Accessibility Blindness Cognitive Low Vision Types of Disabilities Uncategorized Vision WCAG WCAG Success Criterion

Status Messages (4.1.3 AA)

Who is it for?

This is for users who cannot percieve the entire page. This includes users that have a screen magnifier running, those that have resized the text, that

What is important to know?

A very important thing that most people get wrong about this criterion is that it doesn’t require that we add status messages. If there isn’t a status message already present on the page, then this does not apply. However, when a status message does appear, then a programmatic role or properties must be added to a component. I can’t stress this enough, this does not require that we add status messages. It only requires that when they appear, they can be presented to all users in a way that is meaningful.

It’s important to understand that this doesn’t cover things like expanding and collapsing content

Things that are not status messages.

I commonly run across this being applied to elements that it should not be applied to. The following is a short list of things that I’ve run across that were incorrectly identified as a failure of this success criterion.

  1. Content that displays in a dialog or alertdialog
  2. Content that is focussed
  3. Anything that is a change of context
    1. user agent;
    2. viewport;
    3. focus;
    4. content that changes the meaning of the Web page
  4. Content that shows or hides when the user interacts with it
    1. Tabs
    2. Select dropdowns
    3. Accordions
    4. Disclosures
    5. Show/Hide all buttons
    6. Menus
    7. Search suggestions as they type (this would be overly chatty and confusing anyway)
  5. State changes (These are covered in 4.1.2 Name, Role, Value)
    1. Expanding/collapsing content (aria-expanded)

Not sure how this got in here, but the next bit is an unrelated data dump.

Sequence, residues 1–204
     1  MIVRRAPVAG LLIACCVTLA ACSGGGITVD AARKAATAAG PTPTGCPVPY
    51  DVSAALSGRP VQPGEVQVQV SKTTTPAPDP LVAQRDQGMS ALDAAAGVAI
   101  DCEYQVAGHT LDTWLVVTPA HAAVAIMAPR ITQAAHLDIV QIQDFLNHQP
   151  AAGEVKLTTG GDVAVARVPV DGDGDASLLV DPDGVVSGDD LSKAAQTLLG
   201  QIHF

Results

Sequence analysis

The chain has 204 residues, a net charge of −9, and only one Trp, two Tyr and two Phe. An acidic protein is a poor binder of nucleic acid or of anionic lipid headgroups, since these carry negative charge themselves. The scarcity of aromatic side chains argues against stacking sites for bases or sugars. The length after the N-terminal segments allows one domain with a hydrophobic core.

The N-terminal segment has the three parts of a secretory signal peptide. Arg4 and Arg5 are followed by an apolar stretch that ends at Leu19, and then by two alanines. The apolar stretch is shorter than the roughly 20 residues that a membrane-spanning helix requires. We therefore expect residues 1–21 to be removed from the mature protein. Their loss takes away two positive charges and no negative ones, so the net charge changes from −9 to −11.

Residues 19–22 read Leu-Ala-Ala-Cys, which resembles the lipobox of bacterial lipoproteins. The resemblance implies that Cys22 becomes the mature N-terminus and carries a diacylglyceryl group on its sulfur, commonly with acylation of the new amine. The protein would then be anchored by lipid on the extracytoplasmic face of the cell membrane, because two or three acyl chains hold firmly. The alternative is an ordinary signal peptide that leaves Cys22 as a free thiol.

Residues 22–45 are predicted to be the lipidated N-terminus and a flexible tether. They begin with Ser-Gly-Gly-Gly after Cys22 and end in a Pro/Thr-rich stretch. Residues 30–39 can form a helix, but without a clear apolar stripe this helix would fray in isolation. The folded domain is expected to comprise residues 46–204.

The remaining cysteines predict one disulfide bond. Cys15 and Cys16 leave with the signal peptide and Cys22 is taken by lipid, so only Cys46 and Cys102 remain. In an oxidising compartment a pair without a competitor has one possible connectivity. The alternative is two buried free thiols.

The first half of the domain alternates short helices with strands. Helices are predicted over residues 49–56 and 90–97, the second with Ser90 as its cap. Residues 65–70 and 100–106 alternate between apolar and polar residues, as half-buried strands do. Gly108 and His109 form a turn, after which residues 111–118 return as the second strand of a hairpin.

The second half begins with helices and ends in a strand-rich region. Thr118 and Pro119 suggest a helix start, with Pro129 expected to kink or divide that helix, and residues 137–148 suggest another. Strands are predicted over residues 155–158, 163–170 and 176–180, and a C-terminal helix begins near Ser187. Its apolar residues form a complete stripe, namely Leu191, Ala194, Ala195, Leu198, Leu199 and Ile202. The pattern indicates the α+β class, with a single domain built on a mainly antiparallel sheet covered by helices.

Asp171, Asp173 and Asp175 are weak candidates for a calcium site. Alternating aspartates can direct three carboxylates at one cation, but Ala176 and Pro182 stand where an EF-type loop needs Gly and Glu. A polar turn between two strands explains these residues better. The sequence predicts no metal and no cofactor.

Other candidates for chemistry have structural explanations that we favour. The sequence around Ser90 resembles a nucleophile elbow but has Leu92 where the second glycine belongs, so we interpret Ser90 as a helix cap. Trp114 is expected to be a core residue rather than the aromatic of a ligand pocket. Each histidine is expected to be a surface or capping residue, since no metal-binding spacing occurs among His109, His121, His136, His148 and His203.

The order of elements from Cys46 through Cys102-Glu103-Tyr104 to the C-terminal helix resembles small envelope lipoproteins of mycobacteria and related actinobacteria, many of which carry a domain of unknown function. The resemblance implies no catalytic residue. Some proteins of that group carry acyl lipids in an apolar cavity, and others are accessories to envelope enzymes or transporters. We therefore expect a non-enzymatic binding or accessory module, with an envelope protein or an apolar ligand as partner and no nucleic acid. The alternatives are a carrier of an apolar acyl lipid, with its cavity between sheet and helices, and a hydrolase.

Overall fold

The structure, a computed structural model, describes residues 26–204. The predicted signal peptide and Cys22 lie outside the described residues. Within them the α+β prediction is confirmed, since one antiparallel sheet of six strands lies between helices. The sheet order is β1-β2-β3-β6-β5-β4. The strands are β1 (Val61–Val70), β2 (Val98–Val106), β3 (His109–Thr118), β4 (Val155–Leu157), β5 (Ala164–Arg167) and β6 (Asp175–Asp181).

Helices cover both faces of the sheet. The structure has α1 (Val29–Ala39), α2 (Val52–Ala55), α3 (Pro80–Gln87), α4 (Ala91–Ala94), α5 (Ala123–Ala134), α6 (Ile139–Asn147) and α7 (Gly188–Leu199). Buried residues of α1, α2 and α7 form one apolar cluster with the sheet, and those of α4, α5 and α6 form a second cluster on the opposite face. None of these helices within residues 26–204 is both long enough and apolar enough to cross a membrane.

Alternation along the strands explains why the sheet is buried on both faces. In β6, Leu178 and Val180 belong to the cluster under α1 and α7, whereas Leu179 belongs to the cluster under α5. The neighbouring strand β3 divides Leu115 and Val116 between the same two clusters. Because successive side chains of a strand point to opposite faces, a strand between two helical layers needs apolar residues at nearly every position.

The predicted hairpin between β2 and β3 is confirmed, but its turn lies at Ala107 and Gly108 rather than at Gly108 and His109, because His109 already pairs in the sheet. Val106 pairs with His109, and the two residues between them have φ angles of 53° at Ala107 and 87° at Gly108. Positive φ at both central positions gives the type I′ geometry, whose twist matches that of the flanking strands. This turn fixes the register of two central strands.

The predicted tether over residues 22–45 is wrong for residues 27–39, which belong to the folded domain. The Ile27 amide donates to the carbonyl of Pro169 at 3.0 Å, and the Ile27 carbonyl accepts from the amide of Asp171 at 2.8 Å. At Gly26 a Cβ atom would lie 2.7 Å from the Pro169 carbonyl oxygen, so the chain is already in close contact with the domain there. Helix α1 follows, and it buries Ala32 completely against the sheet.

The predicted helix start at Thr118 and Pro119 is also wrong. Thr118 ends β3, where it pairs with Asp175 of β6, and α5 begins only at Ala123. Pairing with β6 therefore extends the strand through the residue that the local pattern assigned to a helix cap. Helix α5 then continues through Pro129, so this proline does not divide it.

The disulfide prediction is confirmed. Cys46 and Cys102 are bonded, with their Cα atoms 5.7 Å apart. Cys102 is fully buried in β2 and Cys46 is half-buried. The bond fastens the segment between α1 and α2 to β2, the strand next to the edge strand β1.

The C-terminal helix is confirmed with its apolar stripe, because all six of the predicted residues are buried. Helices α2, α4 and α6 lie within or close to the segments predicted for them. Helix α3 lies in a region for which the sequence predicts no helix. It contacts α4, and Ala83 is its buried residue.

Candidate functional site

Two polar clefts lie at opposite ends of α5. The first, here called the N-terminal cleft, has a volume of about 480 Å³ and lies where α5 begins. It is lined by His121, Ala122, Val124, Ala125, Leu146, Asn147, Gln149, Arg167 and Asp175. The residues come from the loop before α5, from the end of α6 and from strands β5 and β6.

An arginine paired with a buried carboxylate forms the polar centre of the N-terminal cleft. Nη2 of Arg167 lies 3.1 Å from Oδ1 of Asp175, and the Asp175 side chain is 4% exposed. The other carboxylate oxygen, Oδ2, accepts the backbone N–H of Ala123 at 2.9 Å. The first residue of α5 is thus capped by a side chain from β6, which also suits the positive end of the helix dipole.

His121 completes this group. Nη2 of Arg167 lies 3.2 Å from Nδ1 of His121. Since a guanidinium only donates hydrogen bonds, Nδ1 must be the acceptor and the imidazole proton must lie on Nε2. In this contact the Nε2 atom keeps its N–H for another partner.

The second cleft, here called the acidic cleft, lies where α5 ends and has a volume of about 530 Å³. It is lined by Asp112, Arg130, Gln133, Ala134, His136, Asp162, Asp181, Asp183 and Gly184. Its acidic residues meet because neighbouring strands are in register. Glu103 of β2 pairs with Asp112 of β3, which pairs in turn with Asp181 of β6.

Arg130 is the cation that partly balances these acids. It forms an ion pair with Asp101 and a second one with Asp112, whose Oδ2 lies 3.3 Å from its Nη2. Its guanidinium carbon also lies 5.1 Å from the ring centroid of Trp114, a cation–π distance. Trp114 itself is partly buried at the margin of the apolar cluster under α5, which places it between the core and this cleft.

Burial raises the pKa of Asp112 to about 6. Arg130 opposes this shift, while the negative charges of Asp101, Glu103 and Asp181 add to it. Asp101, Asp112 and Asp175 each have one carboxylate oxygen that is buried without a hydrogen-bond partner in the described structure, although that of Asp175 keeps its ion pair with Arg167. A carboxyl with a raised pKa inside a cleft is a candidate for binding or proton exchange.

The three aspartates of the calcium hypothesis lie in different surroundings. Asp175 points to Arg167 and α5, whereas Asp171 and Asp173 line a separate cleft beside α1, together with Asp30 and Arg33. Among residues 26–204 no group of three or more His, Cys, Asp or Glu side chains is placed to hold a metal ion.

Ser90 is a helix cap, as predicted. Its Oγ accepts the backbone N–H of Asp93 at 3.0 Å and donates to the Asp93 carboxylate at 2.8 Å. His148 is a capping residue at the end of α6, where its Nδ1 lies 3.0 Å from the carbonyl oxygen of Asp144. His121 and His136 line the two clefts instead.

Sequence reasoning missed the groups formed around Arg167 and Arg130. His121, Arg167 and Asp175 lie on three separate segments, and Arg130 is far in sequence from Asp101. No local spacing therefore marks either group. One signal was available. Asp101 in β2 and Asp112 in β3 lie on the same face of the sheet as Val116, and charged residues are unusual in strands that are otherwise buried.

2. Pressed or checked states (aria-pressed, aria-checked)
    3. Valid state (aria-invalid)
    4. Orientation changes (aria-orientation)
    5. Selected state

What is covered?

Remember that this has to be a content change that is not a change of context. It, also, includes content changes that do not take the

Visual status messages

Text status messages

  1. The success or results of an action (e.g. submitting a search and getting results without refreshing the page)
  2. The waiting state of the application (e.g. loading spinners, server errors, etc.)
  3. The progress of a process (e.g. live progress indicators)
  4. Error reporting (e.g. an error that occurs on submit without a page refresh)

Non-text status messages

Images or images of text that appear must also be included in the status message. For instance, one thing that I see a lot is a warning triangle in front of a seemingly normal message. When read to a screen reader or other AT, it might just say “Server is busy”, but visually it looks much more serious. Likely they mean “Error: Server is busy”. This additional text would need to be included in the status message for the accessible name of the element.

There is also something non-visual that can occur such as the removal of a “loading” spinner. While removing content isn’t explicitly covered under this criterion, it would be pretty important to alert the user that the “loading has completed”.

Any modification to status text would need to be provided to the user as well. This would not include things like “stock tickers” especially where there may be multiple updating at the same time. This could create a page where the user cannot understand what is going on due to the amount of chatter that is occurring.

How do I code it?

The short answer would be to use a Live Region Role to indicate to the user when the content is updated or revealed.

How do I test it?

Check out the test for 4.1.3 Status message on the Failure 104 page.

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